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From "Ananth Gundabattula (JIRA)" <j...@apache.org>
Subject [jira] [Commented] (CASSANDRA-5605) Crash caused by insufficient disk space to flush
Date Thu, 11 Jul 2013 03:57:49 GMT

    [ https://issues.apache.org/jira/browse/CASSANDRA-5605?page=com.atlassian.jira.plugin.system.issuetabpanels:comment-tabpanel&focusedCommentId=13705442#comment-13705442
] 

Ananth Gundabattula commented on CASSANDRA-5605:
------------------------------------------------

Am not sure if the following information helps but we too hit this issue in production today.
We were running with cassandra 1.2.4 and two patches CASSANDRA-5554 & CASSANDRA-5418.


We were running with RF=3 and LCS. 

We cross checked using JMX if blacklisting is the cause of this bug and it looks like it is
definitely not the case. 

We however saw a pile up of pending compactions ~ 1800 pending compactions per node when node
crashed. Surprising thing is that the "Insufficient disk space to write xxxx bytes" appears
much before the node crashes. For us it started appearing aprrox 3 hours before the node crashed.


The cluster which showed this behavior was having loads of writes occurring ( We were using
multiple SSTableLoaders to stream data into this cluster. ). We pushed in almost 15 TB worth
data ( including the RF =3 ) in a matter of 16 hours. We were not serving any reads from this
cluster as we were still migrating data to it. 

Another interesting behavior observed that nodes were neighbors in most of the time. 

Am not sure if the above information helps but wanted to add it to the context of the ticket.
 
                
> Crash caused by insufficient disk space to flush
> ------------------------------------------------
>
>                 Key: CASSANDRA-5605
>                 URL: https://issues.apache.org/jira/browse/CASSANDRA-5605
>             Project: Cassandra
>          Issue Type: Bug
>          Components: Core
>    Affects Versions: 1.2.3, 1.2.5
>         Environment: java version "1.7.0_15"
>            Reporter: Dan Hendry
>
> A few times now I have seen our Cassandra nodes crash by running themselves out of memory.
It starts with the following exception:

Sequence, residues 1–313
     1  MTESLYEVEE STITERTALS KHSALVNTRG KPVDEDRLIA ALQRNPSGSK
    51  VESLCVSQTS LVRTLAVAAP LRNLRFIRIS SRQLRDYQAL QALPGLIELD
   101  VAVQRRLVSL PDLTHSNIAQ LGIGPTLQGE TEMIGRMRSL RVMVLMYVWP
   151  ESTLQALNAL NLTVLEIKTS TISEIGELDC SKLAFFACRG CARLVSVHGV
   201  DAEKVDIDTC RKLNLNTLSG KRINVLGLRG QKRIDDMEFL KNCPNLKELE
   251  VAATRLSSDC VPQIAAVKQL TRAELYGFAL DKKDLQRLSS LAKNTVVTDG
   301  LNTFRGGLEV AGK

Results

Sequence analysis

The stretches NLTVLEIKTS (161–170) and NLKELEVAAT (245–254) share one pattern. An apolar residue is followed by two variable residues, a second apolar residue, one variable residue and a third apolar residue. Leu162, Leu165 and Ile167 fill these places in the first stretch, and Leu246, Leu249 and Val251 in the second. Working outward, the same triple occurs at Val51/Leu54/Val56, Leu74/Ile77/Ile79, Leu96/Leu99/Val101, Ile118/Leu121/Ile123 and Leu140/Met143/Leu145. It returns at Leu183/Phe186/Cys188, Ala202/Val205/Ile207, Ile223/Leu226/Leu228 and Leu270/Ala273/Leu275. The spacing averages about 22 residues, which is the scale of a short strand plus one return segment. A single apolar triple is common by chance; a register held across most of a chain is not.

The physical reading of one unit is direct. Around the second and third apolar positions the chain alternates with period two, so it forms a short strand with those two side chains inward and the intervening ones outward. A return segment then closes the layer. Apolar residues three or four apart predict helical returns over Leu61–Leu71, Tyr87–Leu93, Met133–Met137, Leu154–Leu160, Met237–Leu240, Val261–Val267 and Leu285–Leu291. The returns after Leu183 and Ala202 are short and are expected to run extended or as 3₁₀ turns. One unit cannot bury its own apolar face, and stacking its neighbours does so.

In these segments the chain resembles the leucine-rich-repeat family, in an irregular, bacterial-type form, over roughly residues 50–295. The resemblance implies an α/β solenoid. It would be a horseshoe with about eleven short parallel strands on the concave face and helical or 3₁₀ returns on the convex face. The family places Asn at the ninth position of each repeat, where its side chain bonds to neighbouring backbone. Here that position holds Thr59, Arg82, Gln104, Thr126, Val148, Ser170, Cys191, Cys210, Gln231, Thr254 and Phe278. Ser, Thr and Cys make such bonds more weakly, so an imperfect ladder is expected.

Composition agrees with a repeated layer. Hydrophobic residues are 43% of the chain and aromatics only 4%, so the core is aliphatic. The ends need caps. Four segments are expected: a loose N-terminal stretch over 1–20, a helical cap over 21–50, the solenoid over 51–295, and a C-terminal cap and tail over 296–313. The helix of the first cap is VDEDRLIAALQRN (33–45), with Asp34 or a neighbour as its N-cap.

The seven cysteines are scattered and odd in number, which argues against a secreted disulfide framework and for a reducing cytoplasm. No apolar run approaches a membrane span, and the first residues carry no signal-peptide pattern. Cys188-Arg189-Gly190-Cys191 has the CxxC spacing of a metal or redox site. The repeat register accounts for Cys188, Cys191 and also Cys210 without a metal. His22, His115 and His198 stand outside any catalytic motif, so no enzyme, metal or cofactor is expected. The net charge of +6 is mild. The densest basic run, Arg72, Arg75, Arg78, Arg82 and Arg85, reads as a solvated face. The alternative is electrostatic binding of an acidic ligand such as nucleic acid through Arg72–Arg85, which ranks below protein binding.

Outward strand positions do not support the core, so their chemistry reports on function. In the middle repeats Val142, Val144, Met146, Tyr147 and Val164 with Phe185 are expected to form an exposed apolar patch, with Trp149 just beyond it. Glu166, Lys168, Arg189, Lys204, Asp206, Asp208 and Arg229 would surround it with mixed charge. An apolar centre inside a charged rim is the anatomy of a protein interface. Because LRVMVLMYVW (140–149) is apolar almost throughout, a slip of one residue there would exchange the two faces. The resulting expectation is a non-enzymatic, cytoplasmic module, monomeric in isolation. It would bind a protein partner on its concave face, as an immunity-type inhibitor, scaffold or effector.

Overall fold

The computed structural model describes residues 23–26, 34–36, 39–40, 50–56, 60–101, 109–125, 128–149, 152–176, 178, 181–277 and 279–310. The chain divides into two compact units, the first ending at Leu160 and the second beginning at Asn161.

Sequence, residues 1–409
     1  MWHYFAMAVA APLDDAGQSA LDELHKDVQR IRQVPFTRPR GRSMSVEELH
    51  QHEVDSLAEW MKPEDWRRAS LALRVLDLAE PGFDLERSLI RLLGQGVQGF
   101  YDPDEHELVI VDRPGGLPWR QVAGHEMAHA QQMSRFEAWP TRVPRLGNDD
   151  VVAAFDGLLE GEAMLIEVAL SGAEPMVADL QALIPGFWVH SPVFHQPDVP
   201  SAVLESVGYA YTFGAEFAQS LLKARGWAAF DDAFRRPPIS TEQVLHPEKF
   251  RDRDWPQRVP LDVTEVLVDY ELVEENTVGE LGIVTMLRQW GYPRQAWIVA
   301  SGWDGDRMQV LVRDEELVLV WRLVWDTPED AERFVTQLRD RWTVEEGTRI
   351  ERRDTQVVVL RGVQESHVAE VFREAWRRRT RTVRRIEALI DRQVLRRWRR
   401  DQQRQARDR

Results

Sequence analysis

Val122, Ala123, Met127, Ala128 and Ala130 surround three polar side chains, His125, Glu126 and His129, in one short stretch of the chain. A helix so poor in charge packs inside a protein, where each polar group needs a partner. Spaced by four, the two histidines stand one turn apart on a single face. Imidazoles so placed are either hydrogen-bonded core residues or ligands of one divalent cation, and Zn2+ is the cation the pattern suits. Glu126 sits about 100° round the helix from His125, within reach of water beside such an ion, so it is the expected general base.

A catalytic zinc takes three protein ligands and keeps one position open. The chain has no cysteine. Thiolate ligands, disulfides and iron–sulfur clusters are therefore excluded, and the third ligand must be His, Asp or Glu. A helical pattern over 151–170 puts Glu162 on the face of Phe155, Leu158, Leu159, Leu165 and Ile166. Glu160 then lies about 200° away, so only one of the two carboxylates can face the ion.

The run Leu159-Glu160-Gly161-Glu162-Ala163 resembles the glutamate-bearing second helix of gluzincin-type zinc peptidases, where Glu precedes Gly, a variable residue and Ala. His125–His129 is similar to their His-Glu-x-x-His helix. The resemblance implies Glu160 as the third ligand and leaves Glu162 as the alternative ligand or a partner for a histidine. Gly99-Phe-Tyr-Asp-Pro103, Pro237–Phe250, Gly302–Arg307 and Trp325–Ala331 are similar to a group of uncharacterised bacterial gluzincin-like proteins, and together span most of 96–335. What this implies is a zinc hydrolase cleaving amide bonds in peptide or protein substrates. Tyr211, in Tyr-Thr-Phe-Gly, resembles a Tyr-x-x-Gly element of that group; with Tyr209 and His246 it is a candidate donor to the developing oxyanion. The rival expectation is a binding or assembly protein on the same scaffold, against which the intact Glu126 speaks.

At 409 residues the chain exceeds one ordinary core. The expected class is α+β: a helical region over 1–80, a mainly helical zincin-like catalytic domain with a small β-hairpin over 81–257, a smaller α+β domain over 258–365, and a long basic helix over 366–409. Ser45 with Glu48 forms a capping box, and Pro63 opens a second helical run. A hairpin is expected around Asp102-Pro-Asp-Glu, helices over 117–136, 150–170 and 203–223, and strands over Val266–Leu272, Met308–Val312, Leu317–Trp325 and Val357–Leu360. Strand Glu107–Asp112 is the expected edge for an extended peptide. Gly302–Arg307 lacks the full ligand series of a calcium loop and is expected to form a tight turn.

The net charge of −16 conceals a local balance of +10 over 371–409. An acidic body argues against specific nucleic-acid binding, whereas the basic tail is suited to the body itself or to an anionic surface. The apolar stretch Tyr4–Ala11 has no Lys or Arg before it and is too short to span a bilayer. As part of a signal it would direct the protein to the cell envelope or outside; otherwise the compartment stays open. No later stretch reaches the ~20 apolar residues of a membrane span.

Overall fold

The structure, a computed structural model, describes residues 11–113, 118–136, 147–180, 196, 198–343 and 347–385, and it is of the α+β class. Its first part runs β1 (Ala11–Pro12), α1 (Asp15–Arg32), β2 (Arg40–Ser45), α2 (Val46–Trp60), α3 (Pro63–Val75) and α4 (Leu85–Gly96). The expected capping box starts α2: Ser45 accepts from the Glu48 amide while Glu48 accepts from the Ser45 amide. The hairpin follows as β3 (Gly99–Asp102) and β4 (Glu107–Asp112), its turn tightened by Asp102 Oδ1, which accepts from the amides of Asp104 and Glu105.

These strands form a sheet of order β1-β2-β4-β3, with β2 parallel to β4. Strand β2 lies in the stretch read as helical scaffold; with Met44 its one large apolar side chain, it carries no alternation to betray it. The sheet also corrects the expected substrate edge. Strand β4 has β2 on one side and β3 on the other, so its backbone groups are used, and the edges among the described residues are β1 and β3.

> {noformat}
> ERROR [FlushWriter:13000] 2013-05-31 11:32:02,350 CassandraDaemon.java (line 164) Exception
in thread Thread[FlushWriter:13000,5,main]
> java.lang.RuntimeException: Insufficient disk space to write 8042730 bytes
>         at org.apache.cassandra.io.util.DiskAwareRunnable.runMayThrow(DiskAwareRunnable.java:42)
>         at org.apache.cassandra.utils.WrappedRunnable.run(WrappedRunnable.java:28)
>         at java.util.concurrent.ThreadPoolExecutor.runWorker(ThreadPoolExecutor.java:1145)
>         at java.util.concurrent.ThreadPoolExecutor$Worker.run(ThreadPoolExecutor.java:615)
>         at java.lang.Thread.run(Thread.java:722)
> {noformat} 
> After which, it seems the MemtablePostFlusher stage gets stuck and no further memtables
get flushed: 
> {noformat} 
> INFO [ScheduledTasks:1] 2013-05-31 11:59:12,467 StatusLogger.java (line 68) MemtablePostFlusher
              1        32         0
> INFO [ScheduledTasks:1] 2013-05-31 11:59:12,469 StatusLogger.java (line 73) CompactionManager
                1         2
> {noformat} 
> What makes this ridiculous is that, at the time, the data directory on this node had
981GB free disk space (as reported by du). We primarily use STCS and at the time the aforementioned
exception occurred, at least one compaction task was executing which could have easily involved
981GB (or more) worth of input SSTables. Correct me if I am wrong but but Cassandra counts
data currently being compacted against available disk space. In our case, this is a significant
overestimation of the space required by compaction since a large portion of the data being
compacted has expired or is an overwrite.
> More to the point though, Cassandra should not crash because its out of disk space unless
its really actually out of disk space (ie, dont consider 'phantom' compaction disk usage when
flushing). I have seen one of our nodes die in this way before our alerts for disk space even
went off.

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